I’ve driven all over North America with kids, babies and poop, but the worst bunch of cry-babies was when I drove to the Institute of Food Technologists’ annual meeting in Atlanta in 1997 or somewhere thereabouts. The women in the van were fine, but the men were horrible crybabies who needed to stop more frequently than a breastfeeding baby. And you all know who you are.

The research led by Engage Mutual reveals that one in two men describe a common cold as flu and headaches as a migraine, and moan more than women. The study was carried out on 3,000 people.

The findings also revealed that women admit more than 57 percent of men become attention-seeking when ill, with 66 percent constantly moaning and groaning.

In contrast, men said that only 50 percent of women seek attention when they’re ill and 56 percent moan and groan.

As my favorite Stones song goes, take me down (high-school girlfriend) little Susie, while you’re talking to some rich-folks that you know. And is Mick Taylor not the best and most expressionless guitar player ever?

Aerosmith’s Joe Perry, hot sauce and macaroni

It’s no secret I’m a Rolling Stones fan, especially of the inspired work between 1968 and 1972.

Every generation has their Stones knockoff band. In the 1970s it was Aerosmith. The 1980s brought the Black Crowes. Not sure what the recreations were in the later decades, but they exist.

Turns out Aerosmith guitarist Joe Perry is, at least according to the Baltimore Sun, a bit of a foodie.

Nightlife reporter Sam Sessa hung out with Perry for a while on his tour bus, and spent a lot of time talking about food.

“I had no idea he’s been a foodie for more than 35 years, and has his own line of hot sauces. He also told me he’s planning on launching his own brand of mac ‘n’ cheese in the near future, called Joe Perry’s Rock ‘n’ Roni.”

Does your own brand of mac ‘n’ cheese – or KD, as in Kraft Dinner  in Canadian-speak – make one a foodie?

Duck and Cover: It’s Food Safety Education Month

Watching the pronouncements and proclamations for Food Safety Education month makes me think about kids in the 1950s getting educated about nuclear bombs: Duck, Cover and Roll.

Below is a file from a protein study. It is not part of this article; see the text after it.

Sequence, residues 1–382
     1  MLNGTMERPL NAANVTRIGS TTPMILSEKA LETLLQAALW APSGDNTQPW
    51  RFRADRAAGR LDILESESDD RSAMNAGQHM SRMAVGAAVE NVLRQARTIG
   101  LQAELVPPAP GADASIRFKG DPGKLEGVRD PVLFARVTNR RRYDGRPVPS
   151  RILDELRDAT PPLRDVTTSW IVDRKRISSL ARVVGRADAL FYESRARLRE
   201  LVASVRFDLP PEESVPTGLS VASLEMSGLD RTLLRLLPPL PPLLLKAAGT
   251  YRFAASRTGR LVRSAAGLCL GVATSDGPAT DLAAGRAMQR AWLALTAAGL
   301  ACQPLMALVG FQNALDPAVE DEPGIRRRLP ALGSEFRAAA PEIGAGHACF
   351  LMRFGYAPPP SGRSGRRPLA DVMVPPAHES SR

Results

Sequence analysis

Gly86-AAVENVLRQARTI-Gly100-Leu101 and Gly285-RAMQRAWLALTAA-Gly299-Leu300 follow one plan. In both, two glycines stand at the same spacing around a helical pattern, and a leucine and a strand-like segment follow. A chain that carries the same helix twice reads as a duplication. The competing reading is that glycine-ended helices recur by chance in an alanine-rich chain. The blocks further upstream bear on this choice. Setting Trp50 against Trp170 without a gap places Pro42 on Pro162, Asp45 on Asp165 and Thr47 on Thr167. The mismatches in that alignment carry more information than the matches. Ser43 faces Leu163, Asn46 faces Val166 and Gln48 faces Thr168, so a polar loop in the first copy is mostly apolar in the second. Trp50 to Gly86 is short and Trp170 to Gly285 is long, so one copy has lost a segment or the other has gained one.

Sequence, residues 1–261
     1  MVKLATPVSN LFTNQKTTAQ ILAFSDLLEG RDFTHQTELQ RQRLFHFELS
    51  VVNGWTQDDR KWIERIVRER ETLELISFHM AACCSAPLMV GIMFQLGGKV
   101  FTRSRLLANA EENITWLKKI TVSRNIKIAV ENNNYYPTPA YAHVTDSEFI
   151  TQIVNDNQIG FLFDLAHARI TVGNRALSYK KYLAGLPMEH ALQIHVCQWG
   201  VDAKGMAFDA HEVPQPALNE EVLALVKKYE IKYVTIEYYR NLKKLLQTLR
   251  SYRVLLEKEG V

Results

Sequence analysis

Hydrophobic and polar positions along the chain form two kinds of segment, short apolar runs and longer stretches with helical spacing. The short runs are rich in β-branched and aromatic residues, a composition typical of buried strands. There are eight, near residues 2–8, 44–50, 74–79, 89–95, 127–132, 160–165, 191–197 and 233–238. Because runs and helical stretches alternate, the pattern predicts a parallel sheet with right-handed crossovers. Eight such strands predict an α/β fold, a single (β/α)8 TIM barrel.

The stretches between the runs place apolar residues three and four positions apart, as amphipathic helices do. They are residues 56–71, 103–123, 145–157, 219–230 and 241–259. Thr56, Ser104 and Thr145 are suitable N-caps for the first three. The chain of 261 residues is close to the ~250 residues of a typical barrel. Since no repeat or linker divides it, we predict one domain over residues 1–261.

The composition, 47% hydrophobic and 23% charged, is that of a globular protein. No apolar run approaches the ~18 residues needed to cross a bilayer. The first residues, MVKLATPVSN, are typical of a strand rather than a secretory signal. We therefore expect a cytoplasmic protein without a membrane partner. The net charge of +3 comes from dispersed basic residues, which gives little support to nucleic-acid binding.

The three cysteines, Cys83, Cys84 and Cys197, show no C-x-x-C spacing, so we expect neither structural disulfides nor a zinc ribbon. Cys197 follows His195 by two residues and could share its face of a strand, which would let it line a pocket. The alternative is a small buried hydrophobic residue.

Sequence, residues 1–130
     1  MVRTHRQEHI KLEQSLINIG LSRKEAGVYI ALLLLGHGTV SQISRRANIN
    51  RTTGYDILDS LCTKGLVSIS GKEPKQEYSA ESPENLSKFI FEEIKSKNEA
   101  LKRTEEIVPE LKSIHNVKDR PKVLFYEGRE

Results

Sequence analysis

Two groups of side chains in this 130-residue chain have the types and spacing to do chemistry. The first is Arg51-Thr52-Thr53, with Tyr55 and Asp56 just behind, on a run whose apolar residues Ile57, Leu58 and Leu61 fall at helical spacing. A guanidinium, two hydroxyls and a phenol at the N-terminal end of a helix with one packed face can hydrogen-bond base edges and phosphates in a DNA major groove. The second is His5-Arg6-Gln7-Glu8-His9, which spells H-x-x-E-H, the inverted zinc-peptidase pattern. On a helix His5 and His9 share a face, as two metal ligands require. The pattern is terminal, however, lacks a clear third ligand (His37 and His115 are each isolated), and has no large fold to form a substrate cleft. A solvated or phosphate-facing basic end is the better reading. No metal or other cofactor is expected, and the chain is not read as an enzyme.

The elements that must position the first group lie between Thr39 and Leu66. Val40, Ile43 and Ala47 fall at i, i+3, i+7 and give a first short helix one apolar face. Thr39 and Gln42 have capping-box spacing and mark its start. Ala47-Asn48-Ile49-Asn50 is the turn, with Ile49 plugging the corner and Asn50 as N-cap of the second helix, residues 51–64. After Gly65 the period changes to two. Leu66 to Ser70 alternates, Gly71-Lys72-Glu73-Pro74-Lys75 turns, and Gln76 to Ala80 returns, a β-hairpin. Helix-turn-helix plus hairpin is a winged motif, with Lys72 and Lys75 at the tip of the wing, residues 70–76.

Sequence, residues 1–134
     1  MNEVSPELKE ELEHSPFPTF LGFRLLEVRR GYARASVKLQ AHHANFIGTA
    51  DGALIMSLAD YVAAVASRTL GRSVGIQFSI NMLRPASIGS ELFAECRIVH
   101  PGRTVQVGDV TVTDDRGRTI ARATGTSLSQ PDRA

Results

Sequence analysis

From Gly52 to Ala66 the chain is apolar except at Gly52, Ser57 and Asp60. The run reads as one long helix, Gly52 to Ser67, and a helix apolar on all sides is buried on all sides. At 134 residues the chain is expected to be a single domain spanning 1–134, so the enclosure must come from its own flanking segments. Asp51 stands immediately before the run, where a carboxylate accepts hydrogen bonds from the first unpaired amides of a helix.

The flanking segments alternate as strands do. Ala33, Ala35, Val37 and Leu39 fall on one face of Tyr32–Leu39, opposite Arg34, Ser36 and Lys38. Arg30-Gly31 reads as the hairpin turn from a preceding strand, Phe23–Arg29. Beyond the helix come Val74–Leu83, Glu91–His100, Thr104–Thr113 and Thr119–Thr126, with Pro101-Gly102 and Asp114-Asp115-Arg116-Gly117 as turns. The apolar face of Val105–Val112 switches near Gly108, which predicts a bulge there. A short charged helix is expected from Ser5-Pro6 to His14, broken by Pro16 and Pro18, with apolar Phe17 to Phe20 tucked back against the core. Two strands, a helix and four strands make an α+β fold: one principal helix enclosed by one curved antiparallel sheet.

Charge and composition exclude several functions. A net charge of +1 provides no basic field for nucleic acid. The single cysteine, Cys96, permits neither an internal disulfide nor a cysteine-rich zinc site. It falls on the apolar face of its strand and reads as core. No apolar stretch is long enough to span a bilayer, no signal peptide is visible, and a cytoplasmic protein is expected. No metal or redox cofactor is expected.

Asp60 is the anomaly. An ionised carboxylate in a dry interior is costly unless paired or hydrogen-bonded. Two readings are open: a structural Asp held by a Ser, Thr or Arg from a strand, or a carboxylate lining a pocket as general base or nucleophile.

In the film, below, substitute foodborne illness for atomic bomb, and substitute consumers have a role, for duck, cover and roll.

In a month of foodborne illness, the signal of impending doom is not an air raid siren, but more likely explosive diarrhea; you might even be out playing when it comes.

The advice in Duck and Cover is as useful in protecting against radiation as the advice from various government, industry and advocacy types is in preventing foodborne illness.

The Journey effect; and why I don’t get invited for dinner

Amy and I don’t often get invited for dinner. I thought it was cause of my food safety geekness, but I now realize it could just be me.  On Tuesday I ended the meal at some friends’ house by breaking out my best Geddy Lee falsetto and recounting the Rush classic, Closer to the Heart.

It was part of our terrible bands nostalgia. Journey was at the top of my list (and they’re even back with a new Steve Perry sounding singer they found on youtube). I saw Journey once, opening for the Rolling Stones in Buffalo in 1981. They were terrible. But they made the Stones look even better when they finally took the stage. Ever since, I refer to the practice of surrounding oneself with dumbasses as the Journey effect – it makes you look better without trying.

I’ve also since learned there are a lot of hardcore Journey fans out there.

As I told Misti Crane of the Columbus Dispatch back in July, I try not to be a food safety jerk around other people. But, sure enough, the first e-mail Wednesday morning was from our dinner hosts, asking if our stomachs were stable.

Dinner was great. And I’ll stick to my 68-72 Stones.